The Sado complex of heritage mines, primarily gold mines
The Sado complex of heritage mines, primarily gold mines is part of the Tentative list of Japan in order to qualify for inclusion in the World Heritage List.
The Sado complex of heritage mines, primarily gold mines, is located on the island of Sado. Over the course of more than four hundred years, gold and silver mining techniques and methods were constantly being introduced here from both home and abroad and then further developed at the Sado Mines. This gave rise to the formation of a cultural tradition based on an evolving set of mining technologies and mine management system.
Map of The Sado complex of heritage mines, primarily gold minesLoad map
The coordinates shown for all tentative sites were produced as a community effort. They are not official and may change on inscription.
Sado Island is a short ferry ride away from Niigata, which has good connections from Tokyo naturally, but also others such as Sapporo, Fukuoka. The main destination for Niigata is usually to see tehe golden leaf season which is in late autumn. Another reason would be the mines on Sado island, but Sado itself has several places to visit such as the Toki Forest Park.
The mines are unfortunately quite far away from the towns. There is a bus to the west coast and you would have to change again to reach the mines but that second bus time schedule is quite infrequent. So it is doable by public transport but I highly suggest you get that International Driving Permit for renting a car from the ferry port. If you are more than one person it is already worth it and the distances are not far. The locals drive very slowly here so you need to get used to that. The tourist information center at the ferry port also has an excellent map for all the attractions which can easily be stretched to a two day visit.
Once you get to the west coast the scenery becomes really green and beautiful. It would be worth driving along the coast north and back towards the ferry port from there if you have the time on hand. The hills really look like you just landed on a different island in comparison to the flat areas of east Sado. The Sado gold mines are easy to find and has plenty of parking. They didn't speak any English but buying a ticket is made easy with the English pamphlet that offers several options. Option 1 and 2 are simply visits to the mines on your own. If you are in a group you can book a your guide ahead but I think it would be in Japanese.
Mine A is rather boring. You get to read some wooden boards about the mining techniques. It appears what the find special here is the imported techniques from other countries to improve the mining. Some from China and some from Europe. It will take around 20 minutes to get through this mine and then you get to a museum which is another 10 minutes or so. The odded thing was a giant gold brick in a plastic case with a hole big enough for your arm to reach in. If you can reach in, grab the brick and pull it out you win some price - but it is actually impossible to do so from the design already. Your arm cannot reach in properly and even if you finally reach the gold brick there is no grip on it as it is so heavy... The museum is almost entirely in Japanese though so you can look at the miniature models and the reconstructed mine shaft (or whatever that was) but you will not take too much time here. Both mine visits end up at the museum shop so don't buy anything yet if you are still going back to the entrance as you don't want to carry it around and up the hill. There are vending machines (hey, it's Japan!) for refreshments and I think in summer time there is a small cafe that opens.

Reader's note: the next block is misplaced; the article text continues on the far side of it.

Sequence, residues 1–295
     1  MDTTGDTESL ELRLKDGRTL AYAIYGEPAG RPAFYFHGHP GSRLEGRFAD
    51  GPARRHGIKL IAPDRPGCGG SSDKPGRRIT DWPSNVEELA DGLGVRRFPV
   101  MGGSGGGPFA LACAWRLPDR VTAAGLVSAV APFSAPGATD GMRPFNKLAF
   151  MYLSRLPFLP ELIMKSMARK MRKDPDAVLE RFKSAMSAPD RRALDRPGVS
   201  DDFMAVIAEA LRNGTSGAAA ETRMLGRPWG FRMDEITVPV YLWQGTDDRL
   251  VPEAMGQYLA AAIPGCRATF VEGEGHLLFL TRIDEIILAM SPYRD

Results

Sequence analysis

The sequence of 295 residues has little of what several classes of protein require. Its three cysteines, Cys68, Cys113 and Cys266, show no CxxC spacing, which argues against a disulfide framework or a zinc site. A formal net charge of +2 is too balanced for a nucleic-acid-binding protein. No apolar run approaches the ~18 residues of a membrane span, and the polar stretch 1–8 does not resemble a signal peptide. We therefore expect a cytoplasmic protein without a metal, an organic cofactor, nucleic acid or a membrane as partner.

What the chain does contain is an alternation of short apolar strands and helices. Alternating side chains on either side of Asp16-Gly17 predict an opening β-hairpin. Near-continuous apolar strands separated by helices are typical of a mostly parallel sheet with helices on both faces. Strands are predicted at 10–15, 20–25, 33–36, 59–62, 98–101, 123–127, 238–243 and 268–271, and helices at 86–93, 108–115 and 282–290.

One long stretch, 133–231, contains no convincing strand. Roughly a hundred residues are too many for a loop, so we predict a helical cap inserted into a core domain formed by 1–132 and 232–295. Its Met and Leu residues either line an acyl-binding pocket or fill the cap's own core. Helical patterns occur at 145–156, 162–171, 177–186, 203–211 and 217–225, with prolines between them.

Mine B goes along the cart tracks and leads to outside. The scenery outside is great and the small hike up to the collapsed mountain is worth it although the numbering was confusing and I almost missed this part. There are warning signs that you should not go inside the fenced off area but there are also clear signs that people still do from leaving some cigarette butts and snack bars in the bushes past the fence. The area between the mine shafts has an old shed with machinery. In a typical Japanese style they even managed to get a super clean toilet into the building across. Once you get through another mine shaft the view takes you further away from the collapsed mountain but this view is amazing. Stroll along for a few across the countryside and it leads back to the shed and you can take the same mine shaft to the exit to finish this tour.
Totally worth going for the combo ticket to see it all. The golden ticket also made me feel like I'm going to a Chocolate Factory soon. I treated it like it was gold and sealed it off in a small bag to ensure it would get back home in mint condition. If you only have time (due to that bus schedule) then do the mine that leads outside.
2010 Added to Tentative List
The site has 9 locations